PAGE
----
Four office locations in five years — either something went wrong four times, or something is going very right.
Ibotta, the fast-growing mobile shopping app, moved again this year when the company outgrew its third location faster than anyone had expected. Alison Meadows, vice president of human relations, told Street Fight that Ibotta is fast approaching critical mass at this new location as well. The company plans to add between 80 and 100 full time professional positions and another 130 or so customer service employees. Currently employing about 350 people total, Meadows says she has been rolling with the fast-changing needs of the company.
“It’s been a challenge as we grow with how to disseminate information,” Meadows said. “We’ve been conscious about getting the next level of leaders below the senior leaders involved in decisions, because they’re going to have to roll them out. They have to make sure their teams are on board and that things are implemented correctly.”
A diligent IT team recently migrated employees to a single chat application, and a new intranet is being built out of the current customer relationship management tool.
“We’ve been using five different ways to chat it up during the day,” Meadows said. “It used to be this Dropbox over here, that Dropbox over there, ‘Oh hey do you remember that email I sent six months ago? Wait, I have to go find it? Crap, I hate Gmail!”
Ibotta’s cultural growth is also fast changing, featuring a mish-mash of initiatives linked by the IBOTTA values acronym: Integrity, Boldness, Outhustle, Transparency, Teamwork and “A good idea can come from anywhere.” Meadows laughed at the randomness of the last item, because it doesn’t fit with the other five items, but represents itself in its non-conformity.
“We want to invest in personal growth,” she said. “It’s important to take feedback well and for everyone to be building their own sets of skills, and that can mean different things for different individuals. We’re still making sure that we’re investing in who we are to become better and propose creative solutions. That ties in with ‘A good idea can come from anywhere,’ but it’s one thing to have an idea and another thing to have a solution. We need more of those as we continue to change.”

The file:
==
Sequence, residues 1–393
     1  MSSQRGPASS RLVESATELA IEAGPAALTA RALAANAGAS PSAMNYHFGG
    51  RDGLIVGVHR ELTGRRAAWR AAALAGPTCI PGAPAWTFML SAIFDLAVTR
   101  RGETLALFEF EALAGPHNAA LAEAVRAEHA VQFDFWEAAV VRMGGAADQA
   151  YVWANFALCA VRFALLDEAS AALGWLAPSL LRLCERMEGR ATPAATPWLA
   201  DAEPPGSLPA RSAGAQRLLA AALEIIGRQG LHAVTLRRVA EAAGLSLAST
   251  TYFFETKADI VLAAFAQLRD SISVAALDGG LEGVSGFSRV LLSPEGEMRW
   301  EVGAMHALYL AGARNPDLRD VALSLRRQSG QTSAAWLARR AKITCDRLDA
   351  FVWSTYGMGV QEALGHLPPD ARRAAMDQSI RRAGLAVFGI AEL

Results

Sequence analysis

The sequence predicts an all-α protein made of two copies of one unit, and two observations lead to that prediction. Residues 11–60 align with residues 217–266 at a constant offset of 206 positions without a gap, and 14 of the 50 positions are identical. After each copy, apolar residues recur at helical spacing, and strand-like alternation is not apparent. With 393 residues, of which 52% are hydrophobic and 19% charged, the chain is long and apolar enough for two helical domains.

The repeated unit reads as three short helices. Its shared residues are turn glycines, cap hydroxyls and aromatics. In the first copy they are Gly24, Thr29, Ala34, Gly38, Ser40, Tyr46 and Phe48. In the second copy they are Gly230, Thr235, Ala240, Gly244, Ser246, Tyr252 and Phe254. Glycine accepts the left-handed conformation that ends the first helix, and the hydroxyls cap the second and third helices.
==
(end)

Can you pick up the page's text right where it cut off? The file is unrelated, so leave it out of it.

A recent suggestion from a new product designer was an idea and a solution, Meadows said, and referenced a whiteboard-walled hallway in the office, where the designer had laid out his idea in precisely spaced handwriting and design layout. His idea led to a change in the Ibotta app user interface, showing smaller tiles that allow more inventory items to be presented on one screen. After recently expanding the app from grocery items into clothing and jewelry, the next redesign plan is to personalize the tiles to show more relatable items to users.
The Ibotta office is designed in a big circle linked by the smart elevator bay (a front desk person will show non-millennials how to use it), and the company will likely expand onto another floor in the same building in the next year or so. One initiative that will hopefully keep the team connected is the buddy program.
“Every new hire is paired with someone who’s been here,” Meadows said. “We grew so fast, it used to be someone who had been here for six months would be paired up. Then it was anyone who’s been here for six weeks, now it’s ‘Hey, you’ve been here six days? Great, here’s your new buddy.’ We’ve seen how some buddies have blossomed into actual friendships.”
Alex Walker, Ibotta’s head of public relations and communications, started with Ibotta about six months ago. Zev Barsky, vice president of customer support, is Walker’s buddy.
“When [Alison] said that about the buddy program turning into real friendships; Zev and I are like, real friends now,” Walker said. “We have kids the same age and they both are into fencing. When I started the job, Zev took me to lunch and we hit it off. Just last month when I hit the six month mark, I was paired with Mark Long on the engineering side, and I took him to lunch at the same place Zev took me!”
Meadows said that of course, challenges have come up during the last five years, but there are still some employees from the original team who have stayed with Ibotta throughout all four moves.
“For all of them, they have a spirit of true teamwork,” she said. “They’ve had to wear many hats along the way, and they’ve lost some of those hats, which has been a good thing for them to focus on what they’re good at and what they’re skilled at.”
Teamwork is a pretty standard startup value – Ibotta’s office is decorated with honeycomb-inspired detail – and it sometimes works in opposition to other company values.
“It’s interesting because those values don’t necessarily translate into behavior,” Meadows said. “Outhustle can mean something very different to each individual. Some people think outhustle is, ‘I’m going to work as late as I can to get the job done,’ and others think, ‘I’m going to work as fast as I can to get what I need done.’ But what does that mean to an engineer? Engineers typically don’t hustle. They need thoughtful, logical, analytical. So that wasn’t translating across all the teams.”
Now, they’re working on collaborating and working cross-functionally to make sure that individual efforts complement the overall team efforts.
“We’re all moving at a very fast pace,” Meadows said. “A piece of advice that I live by is ‘assume innocence.’ When we come out of a meeting and think there’s been a communication mishap, we need to sit down and figure it out. Assume innocence and approach with respect.”
April Nowicki is a contributor at Street Fight.